All rights reserved.  No part of this publication may be reproduced or transmitted in any form or by any means, electronic, mechanical, or digital, including photocopy, recording, or any information storage and retrieval system or search, without permission in writing from the author.

Yes, I’m way overdue to write this.  I actually started but never finished a June 15th article entitled Birthdays, Bikinis, Buchwald and the 109th Bead.  I don’t remember how bikinis were germane, but I do remember that I was going to lament another birthday, and then say thank-you to syndicated columnist Art Buchwald, whose satirical articles I grew up on.  So consider yourself fortunate that you don’t have to listen to me whine about getting older … and as for thanking Mr. Buchwald … “thanks Art for a lifetime of thought provoking satire.” (The 109th bead is the “give thanks” bead on the string used by millions in meditation and prayer)

So now to the subject at hand; if you are not connected on Linked-In or some other social network, you are missing a HUGE opportunity.  Recently I experienced that power in trying to connect with someone internally at a large local company.  For the sake of preserving privacy, let’s call her “Margie” at a company called “Colossal.”  I did not know anyone within Colossal and I sue didn’t know Margie.   For business reasons, I wanted to connect with someone inside the company immediately.  Here comes Linked-In.  A search of Linked-In for Colossal produced several names, including Margie’s.  Low and behold it just so happens that Margie was acquainted with two people in my grad school class at UCI.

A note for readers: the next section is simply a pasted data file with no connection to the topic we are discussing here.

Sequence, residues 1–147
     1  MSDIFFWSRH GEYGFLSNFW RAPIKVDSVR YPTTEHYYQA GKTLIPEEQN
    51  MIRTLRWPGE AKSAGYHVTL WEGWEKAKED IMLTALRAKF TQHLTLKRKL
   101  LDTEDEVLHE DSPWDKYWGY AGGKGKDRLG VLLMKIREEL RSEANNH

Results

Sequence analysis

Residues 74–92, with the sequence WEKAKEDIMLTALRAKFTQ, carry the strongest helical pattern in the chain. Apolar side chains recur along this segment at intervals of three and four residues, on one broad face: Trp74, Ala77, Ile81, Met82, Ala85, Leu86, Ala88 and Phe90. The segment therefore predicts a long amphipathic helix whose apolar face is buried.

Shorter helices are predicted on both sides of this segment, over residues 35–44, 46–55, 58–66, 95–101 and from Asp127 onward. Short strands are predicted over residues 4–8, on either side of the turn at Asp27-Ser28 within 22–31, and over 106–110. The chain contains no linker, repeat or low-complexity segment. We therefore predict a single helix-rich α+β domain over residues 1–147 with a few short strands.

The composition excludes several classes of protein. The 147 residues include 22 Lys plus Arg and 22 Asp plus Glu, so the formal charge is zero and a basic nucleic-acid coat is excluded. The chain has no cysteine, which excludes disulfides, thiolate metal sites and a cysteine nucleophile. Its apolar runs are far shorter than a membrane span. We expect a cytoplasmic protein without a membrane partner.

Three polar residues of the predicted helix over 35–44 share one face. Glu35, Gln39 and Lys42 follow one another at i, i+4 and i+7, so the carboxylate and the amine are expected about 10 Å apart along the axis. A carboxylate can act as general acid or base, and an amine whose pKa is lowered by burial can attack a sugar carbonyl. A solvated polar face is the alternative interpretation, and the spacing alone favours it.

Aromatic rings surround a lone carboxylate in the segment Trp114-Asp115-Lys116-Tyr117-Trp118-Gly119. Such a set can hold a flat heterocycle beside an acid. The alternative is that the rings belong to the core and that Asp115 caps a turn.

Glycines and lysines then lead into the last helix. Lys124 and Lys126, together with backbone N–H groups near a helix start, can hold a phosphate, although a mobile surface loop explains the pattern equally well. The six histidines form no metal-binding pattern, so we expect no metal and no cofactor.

I made emailed both my classmates and asked if they felt comfortable introducing me to Margie.  I learned out that one of my classmates, Angie Swartz (www.linkedin.com/in/aaswartz) is good friends with Margie.  By mid afternoon both classmates had contacted Margie. Well that’s all it took.  By the end of the day I had a 30 minute conversation with Margie and was able to learn exactly what I wanted to know about Colossal.  I now have a friend there at Colossal.